There are a few different themes that we’re looking at closely right now, particularly in defense, techbio, robotics, and enterprise automation. Some recent investments include:

  • Lambda Automata, a Greece/UK start-up producing AI-first hardware and software product that automates the intelligence, surveillance, target acquisition, and reconnaissance process.
  • Sereact, who are building computer vision software for robotic arms and other platforms to enable warehouse automation starting with “pick and pack” jobs.
  • Profluent, a techbio company building an integrated wet lab and computational lab to discover, design and develop protein-based therapeutics with a focus on precision design.
  • Interloom, a new business built by the team behind Boxplot, which was acquired by Hyperscience. Their software combines connectors across enterprise silos, a contextual knowledge graph, and a task orchestrator (AI + human in the loop) with a focus on unstructured tasks.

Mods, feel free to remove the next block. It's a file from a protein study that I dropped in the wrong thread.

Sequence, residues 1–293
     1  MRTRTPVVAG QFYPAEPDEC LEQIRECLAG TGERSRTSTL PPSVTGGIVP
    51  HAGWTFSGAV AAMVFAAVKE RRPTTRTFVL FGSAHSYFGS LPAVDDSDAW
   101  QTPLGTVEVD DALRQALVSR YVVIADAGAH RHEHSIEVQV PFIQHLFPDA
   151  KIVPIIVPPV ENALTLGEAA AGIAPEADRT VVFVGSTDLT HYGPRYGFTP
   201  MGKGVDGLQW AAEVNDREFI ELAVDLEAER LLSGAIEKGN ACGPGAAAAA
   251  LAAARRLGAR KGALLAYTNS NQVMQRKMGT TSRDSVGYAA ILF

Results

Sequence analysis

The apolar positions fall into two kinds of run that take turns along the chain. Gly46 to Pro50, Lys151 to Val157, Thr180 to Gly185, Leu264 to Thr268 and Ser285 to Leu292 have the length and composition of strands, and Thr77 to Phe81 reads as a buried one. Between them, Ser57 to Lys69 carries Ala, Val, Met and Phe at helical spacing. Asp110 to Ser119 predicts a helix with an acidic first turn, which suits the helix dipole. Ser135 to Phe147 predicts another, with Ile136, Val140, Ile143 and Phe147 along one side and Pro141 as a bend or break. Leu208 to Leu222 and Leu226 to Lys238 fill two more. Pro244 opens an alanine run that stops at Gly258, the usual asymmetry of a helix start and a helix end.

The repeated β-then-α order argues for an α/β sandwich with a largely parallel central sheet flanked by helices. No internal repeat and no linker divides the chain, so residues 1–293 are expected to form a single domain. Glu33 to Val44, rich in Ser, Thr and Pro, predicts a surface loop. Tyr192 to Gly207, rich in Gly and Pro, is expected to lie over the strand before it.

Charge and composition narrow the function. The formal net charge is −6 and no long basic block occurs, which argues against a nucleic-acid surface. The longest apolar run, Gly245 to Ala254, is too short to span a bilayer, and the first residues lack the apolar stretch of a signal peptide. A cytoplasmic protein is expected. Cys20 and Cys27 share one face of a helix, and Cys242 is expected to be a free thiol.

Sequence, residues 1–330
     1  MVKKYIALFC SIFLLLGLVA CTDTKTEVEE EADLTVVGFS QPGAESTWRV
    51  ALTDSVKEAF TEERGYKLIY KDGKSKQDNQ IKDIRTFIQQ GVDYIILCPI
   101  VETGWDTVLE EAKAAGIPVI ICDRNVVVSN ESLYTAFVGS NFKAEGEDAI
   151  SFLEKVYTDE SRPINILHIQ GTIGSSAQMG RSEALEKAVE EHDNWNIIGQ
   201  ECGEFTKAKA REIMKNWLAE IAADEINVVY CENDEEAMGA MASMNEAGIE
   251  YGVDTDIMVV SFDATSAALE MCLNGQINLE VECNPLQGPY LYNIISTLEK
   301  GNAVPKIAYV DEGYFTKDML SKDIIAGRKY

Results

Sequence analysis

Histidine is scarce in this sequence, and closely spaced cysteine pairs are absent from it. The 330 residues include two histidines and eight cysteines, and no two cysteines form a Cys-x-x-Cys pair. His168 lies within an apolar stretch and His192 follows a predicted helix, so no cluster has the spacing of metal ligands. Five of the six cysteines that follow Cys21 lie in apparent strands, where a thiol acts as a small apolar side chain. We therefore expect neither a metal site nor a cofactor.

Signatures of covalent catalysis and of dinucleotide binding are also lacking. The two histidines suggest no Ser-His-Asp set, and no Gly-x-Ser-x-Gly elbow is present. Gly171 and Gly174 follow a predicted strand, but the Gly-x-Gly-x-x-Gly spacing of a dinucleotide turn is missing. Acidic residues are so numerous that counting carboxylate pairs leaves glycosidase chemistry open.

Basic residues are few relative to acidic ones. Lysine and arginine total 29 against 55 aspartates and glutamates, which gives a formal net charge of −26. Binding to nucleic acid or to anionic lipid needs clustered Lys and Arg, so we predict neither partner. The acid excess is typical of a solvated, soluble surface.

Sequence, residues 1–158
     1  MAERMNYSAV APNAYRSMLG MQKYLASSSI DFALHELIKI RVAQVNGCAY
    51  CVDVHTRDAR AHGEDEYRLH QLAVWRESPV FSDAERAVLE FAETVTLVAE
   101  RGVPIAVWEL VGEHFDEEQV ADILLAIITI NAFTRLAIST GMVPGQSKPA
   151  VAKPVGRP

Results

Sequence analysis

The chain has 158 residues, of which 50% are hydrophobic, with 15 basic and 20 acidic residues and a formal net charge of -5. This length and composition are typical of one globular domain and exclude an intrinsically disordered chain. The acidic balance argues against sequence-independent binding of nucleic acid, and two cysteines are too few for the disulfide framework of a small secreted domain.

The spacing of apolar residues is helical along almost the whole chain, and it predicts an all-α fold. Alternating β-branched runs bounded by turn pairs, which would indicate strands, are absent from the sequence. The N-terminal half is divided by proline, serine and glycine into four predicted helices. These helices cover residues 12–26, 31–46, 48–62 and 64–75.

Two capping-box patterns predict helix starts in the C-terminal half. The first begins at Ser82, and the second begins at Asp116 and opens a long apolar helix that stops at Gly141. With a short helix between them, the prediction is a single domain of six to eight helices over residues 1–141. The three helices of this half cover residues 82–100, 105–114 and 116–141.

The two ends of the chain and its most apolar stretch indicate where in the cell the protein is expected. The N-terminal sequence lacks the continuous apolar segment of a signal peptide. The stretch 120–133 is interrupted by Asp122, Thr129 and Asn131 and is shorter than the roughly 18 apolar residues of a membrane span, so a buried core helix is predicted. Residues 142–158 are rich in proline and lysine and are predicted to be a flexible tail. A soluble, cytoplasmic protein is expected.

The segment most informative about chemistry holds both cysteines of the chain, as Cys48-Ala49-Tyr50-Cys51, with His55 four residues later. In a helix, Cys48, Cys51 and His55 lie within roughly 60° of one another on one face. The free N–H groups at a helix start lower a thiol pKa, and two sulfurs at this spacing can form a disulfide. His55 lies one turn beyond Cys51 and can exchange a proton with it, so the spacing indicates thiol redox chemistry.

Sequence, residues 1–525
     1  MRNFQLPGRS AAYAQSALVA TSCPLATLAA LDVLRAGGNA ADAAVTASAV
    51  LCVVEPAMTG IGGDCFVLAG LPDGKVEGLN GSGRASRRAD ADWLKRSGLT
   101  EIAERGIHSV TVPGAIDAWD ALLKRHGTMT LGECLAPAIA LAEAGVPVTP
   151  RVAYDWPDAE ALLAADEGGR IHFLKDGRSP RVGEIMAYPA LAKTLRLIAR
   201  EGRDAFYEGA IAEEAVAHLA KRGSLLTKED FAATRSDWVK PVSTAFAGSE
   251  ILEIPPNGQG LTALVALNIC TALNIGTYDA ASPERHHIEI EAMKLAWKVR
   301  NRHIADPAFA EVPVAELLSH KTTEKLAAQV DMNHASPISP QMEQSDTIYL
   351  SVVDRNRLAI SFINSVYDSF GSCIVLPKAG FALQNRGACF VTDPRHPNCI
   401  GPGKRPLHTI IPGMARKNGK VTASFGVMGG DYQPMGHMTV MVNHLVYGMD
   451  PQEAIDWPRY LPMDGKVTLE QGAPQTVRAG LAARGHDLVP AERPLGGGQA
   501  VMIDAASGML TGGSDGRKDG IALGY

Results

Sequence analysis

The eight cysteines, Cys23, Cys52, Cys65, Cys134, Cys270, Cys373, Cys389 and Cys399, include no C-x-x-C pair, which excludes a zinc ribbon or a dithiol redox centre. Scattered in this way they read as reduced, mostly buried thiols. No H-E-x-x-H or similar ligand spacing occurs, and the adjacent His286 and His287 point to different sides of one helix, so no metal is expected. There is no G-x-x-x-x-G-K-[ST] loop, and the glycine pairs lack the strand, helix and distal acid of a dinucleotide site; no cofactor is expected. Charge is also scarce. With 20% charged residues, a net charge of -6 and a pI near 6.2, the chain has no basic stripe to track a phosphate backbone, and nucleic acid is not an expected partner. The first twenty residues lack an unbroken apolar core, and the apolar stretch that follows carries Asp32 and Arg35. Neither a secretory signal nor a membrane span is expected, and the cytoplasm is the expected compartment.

You have a long-standing interest in biology.  What are the opportunities there?  How do you manage the long, expensive, and risky new product approval timelines?

Historically, significant amounts of work in areas like drug discovery has essentially been grounded in trial and error. Back in 2019, I argued that biology was having its ‘AI moment’. I see AI-first biology as a way of harnessing technology’s capabilities across automation, high-throughput and high-resolution experimentation to help us move from discovery to design.

There’s obviously risk associated with any scientific enterprise, but if a start-up gets the business model right as well as the technology, then the potential upside in sectors like pharma is considerable. Ultimately, part of the appeal of applying AI in biology is precisely the potential to cut the timelines and the costs. 

What type of AI business models do you think will be most successful in the future?  How will startups play with the big tech giants?